Neko Bijin’s Serious Blog

June 6, 2009

You Want Fries with That?

Filed under: Uncategorized — Tags: — Kojak @ 2:53 pm


Guesting over at the Daily Dish a few weeks back, Lane Wallace recounted how a crappy job taught him the value of a liberal arts education:

In a flash, I grasped the true value of a college degree. It didn’t matter what I majored in. It didn’t even matter all that much what my grades were. What mattered was that I got that rectangular piece of paper that said, “Lane Wallace never has to work in a corrugated cardboard factory again.” A piece of paper that was proof to any potential future employer that I could stick with a project and complete it successfully, even if parts of it weren’t all that much fun. A piece of paper that said I had learned how to process an overload of information, prioritize, sort through it intelligently, and distill all that into a coherent end product … all while coping with stress and deadlines without imploding.

To be sure, a college degree of some sort is a good investment if you want to end up doing interesting, remunerative work, but if you’re primarily concerned about making bank, you’re probably better off sticking with business or sciences, even if you’re more passionate about semiotics. So I think Wallace actually gets it backwards here: The great value of a liberal arts education is that it prepares you to be relatively happy even if you find yourself working in a corrugated cardboard factory. Partly because books are cheap, and cultivating the ability to take great pleasure in a well-crafted novel lowers you hedonic costs down the road. But more broadly because the liberal arts might be described as a technology for extracting and constructing meaning from the world. If you know your Hamlet, you know that’s all the difference between a prisoner and a king of infinite space.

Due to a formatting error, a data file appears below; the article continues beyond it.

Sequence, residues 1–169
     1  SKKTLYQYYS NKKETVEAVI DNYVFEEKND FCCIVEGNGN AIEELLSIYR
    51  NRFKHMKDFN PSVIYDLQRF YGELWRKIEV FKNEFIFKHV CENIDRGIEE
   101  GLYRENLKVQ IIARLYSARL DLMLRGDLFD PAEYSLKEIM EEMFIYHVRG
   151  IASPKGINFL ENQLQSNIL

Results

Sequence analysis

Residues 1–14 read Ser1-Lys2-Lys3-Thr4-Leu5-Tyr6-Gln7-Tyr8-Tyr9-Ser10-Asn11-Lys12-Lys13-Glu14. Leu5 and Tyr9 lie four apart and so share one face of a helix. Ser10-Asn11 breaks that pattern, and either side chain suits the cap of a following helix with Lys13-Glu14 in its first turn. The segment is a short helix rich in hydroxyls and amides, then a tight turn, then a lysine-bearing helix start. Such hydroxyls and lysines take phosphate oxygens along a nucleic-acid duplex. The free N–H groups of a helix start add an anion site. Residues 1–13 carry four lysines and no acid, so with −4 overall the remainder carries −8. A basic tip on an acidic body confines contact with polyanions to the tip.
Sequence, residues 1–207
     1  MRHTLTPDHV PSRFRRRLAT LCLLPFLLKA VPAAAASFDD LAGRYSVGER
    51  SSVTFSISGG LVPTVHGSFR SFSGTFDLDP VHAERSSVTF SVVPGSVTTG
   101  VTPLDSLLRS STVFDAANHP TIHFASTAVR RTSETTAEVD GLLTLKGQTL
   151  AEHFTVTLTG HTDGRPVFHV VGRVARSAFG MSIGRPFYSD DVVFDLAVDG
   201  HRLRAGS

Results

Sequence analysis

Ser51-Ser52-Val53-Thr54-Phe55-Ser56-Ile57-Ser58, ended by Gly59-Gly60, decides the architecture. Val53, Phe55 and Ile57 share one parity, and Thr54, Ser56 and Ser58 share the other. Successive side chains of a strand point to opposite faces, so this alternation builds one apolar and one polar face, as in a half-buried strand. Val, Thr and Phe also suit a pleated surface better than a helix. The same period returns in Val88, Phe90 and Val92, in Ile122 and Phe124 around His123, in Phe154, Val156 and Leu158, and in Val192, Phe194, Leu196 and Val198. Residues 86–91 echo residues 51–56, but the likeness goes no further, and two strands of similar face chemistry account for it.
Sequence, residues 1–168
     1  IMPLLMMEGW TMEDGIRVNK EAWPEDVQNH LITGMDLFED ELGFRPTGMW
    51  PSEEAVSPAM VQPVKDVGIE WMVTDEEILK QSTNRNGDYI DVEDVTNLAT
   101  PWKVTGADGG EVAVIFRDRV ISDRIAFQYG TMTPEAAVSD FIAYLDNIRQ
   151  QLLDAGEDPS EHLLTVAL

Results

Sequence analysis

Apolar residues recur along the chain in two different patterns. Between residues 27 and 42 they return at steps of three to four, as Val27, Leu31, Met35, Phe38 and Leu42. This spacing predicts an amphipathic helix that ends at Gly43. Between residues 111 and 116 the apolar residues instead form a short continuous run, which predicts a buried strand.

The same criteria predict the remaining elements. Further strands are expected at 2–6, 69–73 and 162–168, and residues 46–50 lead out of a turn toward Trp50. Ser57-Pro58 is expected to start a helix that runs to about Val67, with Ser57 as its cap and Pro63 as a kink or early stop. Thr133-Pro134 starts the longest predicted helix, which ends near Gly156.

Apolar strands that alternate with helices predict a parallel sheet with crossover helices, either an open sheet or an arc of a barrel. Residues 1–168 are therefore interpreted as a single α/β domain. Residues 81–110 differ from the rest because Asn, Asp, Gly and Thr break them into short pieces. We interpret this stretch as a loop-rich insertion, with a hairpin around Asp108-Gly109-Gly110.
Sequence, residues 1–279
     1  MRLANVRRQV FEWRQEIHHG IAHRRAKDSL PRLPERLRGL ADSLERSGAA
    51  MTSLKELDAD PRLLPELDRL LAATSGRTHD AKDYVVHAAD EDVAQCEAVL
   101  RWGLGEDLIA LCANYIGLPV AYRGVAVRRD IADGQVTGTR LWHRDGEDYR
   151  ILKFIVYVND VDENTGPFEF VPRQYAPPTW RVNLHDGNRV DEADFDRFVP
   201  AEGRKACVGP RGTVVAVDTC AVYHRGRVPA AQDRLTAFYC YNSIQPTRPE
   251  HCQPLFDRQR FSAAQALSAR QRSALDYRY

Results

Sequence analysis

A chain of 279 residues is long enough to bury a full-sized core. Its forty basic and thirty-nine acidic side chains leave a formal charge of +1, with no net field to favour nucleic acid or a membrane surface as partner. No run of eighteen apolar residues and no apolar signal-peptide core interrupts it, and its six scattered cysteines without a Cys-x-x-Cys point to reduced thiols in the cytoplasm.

[As a side note, Lane’s description of the skills college is intended to imbue is precisely why I never finished college; I simply don’t have the temperament necessary to see projects of that nature through to their conclusion.]

edit: attribution added.  -nb


  1. I’m with you, Kojak, and I’ll go further. I have no patience for folks who think it’s shameful for Americans to do physical work. Apparently we’re all supposed to swap financial instruments while foreigners make the cardboard. And how credible is that certificate, anyhow? Mortgage securities aren’t the only things suffering from grade inflation nowadays.

    Comment by nekobijin — June 7, 2009 @ 2:48 pm

  2. I worked with the forest preserve for three summers before being placed in a position of authority and being fired after a mutiny, and while it’s safe to say I did not _enjoy_ the back-breaking physical labor (we built a foot bridge without any power tools; the only thing missing was the River Kwai), I think it was a pretty important and worthwhile experience for me.

    Also, my liberal arts degree has never stopped me from being miserable at any shitty job I’ve ever had, because I’m even more cognizant of how much more there is to life.

    Comment by eddoctorwho — June 8, 2009 @ 12:43 pm

  3. All that any college degree should prepare one for is the ability to replicate in some form exactly what the person in charge desires. For all the LA classes I was required to take as an undergrad, every single one boiled down to the rote repetition on paper of what the teacher put forth as the “correct” interpretation in his/her class lectures. It’s not like solving a problem in a math or science class. It’s simply memorization and regurgitation. Great training for working in corporate America, yes indeed.

    “Don’t tell me the facts unless they’re the ones I expected!” While no one is honest enough to express that to me in such plain terms, more than once, it’s been the truth of what I’ve been told in my current position.

    Comment by 97jedi — June 8, 2009 @ 6:43 pm

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